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VuFind: Moving from Laminas\Console to Symfony\Console


When VuFind 2.0 came out in 2013, it marked a big step forward for VuFind, replacing a largely homegrown application design with Zend Framework 2. Using standard components clarified many aspects of VuFind’s design and removed some significant design limitations.

A lot has changed since 2013; the Composer tool has standardized the way PHP libraries and components are installed and shared, and a series of recommendations by the PHP-FIG has led to greater interoperability between established projects. As a result, once-monolithic projects like Zend Framework have broken into smaller parts, and it has become easier to pick and choose between components in order to find the best tools for solving particular problems.

The VuFind community is now in the process of developing VuFind 7.0, and one of the significant achievements of this release will be bringing VuFind’s dependencies up to date once again, to reflect the latest changes in the field. One big part of this was the recent renaming of Zend Framework to Laminas, though this change has proven to be more cosmetic than functionally significant. Another major development is the abandonment of the laminas-console (formerly zend-console) package; this has required significant work to accommodate, as will be detailed below.

Strengths and Weaknesses of laminas-console

When VuFind first adopted Zend Framework, it needed a method for developing command line utilities. At that point in time, there was really only one logical choice: the zend-console functionality built into the monolithic framework.

The zend-console approach to building command-line tools was designed to be similar to the framework’s general model-view-controller architecture. Commands were designed as actions within controller classes, and they could be run through the same public/index.php file that was also used for rendering web results — the code simply detected whether it was running in a command line or web context and ran appropriate code accordingly. This made it very easy to switch between developing web code and console code, and all of the standard VuFind resources could be accessed in exactly the same way.

The zend-console/laminas-console component also provided abstractions for input and output (allowing command line tools to behave the same across operating systems without requiring programmers to worry about the details) and used the framework’s routing logic to automate some of the work of processing command line arguments and options. All of this made code easier to read and write.

However, zend-console/laminas-console had some significant weaknesses, and these became more apparent as time went on. The use of controller classes led to unrelated actions being grouped together into the same files (because it’s easier to add an action to an existing controller than to build a whole new controller), resulting in bloated and hard-to-manage classes. The widespread use of static methods like Console::isConsole() and Console::write() made code difficult or impossible to test with PHPUnit, since using test doubles was not convenient. The command line argument/option processing lacked richness and did very little to enforce consistency of terminology between actions.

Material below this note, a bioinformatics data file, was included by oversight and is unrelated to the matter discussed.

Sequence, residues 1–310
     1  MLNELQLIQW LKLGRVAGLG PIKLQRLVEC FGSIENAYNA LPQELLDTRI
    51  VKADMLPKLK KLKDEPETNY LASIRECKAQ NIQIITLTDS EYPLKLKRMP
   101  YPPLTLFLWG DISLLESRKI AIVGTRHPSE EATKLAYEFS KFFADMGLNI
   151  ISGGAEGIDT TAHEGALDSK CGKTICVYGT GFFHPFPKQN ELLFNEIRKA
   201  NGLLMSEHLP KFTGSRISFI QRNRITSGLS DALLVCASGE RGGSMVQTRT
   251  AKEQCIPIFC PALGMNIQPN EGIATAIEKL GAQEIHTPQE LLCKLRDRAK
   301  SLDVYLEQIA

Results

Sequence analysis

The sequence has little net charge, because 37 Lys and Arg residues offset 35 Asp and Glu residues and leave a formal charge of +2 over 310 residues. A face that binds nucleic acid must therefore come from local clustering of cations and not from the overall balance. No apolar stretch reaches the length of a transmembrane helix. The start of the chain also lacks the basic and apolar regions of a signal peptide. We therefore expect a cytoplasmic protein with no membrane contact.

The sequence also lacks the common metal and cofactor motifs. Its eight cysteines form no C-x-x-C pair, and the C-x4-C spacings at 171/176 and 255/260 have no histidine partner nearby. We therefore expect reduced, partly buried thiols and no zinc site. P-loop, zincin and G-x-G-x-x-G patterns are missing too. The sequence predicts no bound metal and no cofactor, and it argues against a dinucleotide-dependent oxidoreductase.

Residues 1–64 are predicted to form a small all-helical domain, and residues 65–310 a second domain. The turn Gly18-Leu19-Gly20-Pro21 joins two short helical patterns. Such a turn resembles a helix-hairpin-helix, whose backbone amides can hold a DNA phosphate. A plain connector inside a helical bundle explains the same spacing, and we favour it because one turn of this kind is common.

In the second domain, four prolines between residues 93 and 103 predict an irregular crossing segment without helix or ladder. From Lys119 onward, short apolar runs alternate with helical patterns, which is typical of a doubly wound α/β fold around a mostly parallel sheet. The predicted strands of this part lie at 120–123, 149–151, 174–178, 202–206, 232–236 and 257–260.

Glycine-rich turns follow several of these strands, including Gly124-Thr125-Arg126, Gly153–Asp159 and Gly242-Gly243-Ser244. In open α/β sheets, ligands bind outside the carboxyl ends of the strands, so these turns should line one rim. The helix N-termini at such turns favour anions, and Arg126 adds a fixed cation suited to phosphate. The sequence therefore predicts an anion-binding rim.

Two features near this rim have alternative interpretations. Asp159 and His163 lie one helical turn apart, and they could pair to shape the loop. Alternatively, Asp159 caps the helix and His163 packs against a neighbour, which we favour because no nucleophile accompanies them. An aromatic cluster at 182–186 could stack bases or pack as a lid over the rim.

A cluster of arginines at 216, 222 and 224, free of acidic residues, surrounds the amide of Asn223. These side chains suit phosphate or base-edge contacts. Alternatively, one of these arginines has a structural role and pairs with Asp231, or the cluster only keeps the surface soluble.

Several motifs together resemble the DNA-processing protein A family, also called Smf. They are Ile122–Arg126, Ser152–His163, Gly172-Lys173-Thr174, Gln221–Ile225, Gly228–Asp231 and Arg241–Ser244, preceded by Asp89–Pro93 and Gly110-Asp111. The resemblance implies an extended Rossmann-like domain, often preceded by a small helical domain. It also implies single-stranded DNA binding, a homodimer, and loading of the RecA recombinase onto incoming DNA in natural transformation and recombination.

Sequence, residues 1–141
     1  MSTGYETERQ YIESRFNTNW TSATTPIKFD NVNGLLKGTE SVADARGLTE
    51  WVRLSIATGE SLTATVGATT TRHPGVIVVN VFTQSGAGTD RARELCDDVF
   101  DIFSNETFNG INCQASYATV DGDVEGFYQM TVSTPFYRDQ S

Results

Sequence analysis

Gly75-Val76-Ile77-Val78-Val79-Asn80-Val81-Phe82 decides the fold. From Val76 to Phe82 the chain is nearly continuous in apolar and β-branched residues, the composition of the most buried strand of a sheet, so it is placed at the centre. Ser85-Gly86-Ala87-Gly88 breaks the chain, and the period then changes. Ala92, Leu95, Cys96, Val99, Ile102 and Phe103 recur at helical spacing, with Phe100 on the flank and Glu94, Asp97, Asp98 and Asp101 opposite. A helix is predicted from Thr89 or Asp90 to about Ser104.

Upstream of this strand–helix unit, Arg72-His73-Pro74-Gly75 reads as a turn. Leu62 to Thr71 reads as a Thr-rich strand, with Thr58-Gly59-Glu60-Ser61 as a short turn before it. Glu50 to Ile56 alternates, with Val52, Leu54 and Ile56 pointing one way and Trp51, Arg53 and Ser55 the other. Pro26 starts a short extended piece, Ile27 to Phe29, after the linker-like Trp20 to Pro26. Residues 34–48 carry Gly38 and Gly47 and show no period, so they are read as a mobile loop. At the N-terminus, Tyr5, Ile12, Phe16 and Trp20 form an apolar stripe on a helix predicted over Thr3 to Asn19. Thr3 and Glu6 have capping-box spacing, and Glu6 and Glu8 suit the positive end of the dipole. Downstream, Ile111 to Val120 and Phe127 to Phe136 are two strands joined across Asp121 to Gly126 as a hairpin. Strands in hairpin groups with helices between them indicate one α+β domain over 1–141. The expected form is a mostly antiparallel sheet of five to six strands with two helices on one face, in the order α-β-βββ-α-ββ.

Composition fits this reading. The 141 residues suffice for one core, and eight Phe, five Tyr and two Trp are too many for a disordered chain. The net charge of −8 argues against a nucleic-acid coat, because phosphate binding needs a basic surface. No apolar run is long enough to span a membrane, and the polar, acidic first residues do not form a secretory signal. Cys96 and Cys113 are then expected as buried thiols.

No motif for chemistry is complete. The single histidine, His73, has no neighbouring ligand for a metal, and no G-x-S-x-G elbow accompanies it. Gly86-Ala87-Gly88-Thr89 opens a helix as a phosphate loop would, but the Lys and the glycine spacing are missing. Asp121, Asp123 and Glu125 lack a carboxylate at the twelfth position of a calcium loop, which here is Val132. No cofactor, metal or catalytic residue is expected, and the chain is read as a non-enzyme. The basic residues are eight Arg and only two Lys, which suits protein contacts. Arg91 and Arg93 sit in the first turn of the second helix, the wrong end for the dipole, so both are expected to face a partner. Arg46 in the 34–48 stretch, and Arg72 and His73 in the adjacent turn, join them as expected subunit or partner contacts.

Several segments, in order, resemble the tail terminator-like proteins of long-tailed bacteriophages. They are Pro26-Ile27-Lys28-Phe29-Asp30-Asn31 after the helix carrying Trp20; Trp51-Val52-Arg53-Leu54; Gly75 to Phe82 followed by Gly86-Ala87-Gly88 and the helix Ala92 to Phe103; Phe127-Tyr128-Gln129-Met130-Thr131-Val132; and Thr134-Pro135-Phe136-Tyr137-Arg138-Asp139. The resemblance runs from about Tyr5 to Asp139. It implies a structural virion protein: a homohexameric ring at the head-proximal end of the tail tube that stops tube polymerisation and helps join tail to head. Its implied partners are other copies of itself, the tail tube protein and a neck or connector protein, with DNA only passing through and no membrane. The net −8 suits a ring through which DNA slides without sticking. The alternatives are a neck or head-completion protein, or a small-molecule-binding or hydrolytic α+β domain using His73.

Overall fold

While we could certainly have continued to live with the drawbacks of laminas-console, the previously-mentioned developments in the PHP community mean that we no longer have to. Just as Zend Framework eventually evolved into a set of independent Laminas components, so did the competing Symfony framework split into smaller, reusable parts. While I continue to feel that Laminas is a good fit for VuFind’s overall use case, we are now in the position to take Symfony’s superior console support and incorporate that into VuFind without losing the other benefits of Laminas throughout the rest of the application. I applaud the Laminas development team for recognizing their own strengths and weaknesses, and making the wise decision to deprecate laminas-console; now, VuFind and other projects can take advantage of a more mature and feature-rich console component, and the Laminas team can focus more effort on their areas of strength.

Strengths of symfony-console

Symfony’s console component shares most of the existing strengths of laminas-console while also overcoming most of its weaknesses. It, too, provides abstractions of input and output and a mechanism for managing command line arguments and options… it just does it all a little bit better than laminas-console did. Rather than using a “controller and action” design, each Symfony console command is a single class, which makes the code organization cleaner and fits better with VuFind’s leaning toward explicit dependency-injection. Rather than relying on an external router configuration, the argument and option configuration is handled internally by the command classes. Argument and option configuration is also richer and more readable (if also a bit more verbose) than the laminas-console equivalent, with automatic, built-in support for consistent and attractive help screens. Symfony’s console component also ships with tools that make testing commands through PHPUnit extremely simple.

The bottom line: migrating from laminas-console to symfony-console offered an opportunity to not just update some underlying components but also to improve the design, user interface and test coverage of every command line tool in VuFind, all of which will contribute to easier maintenance and better user satisfaction in the future.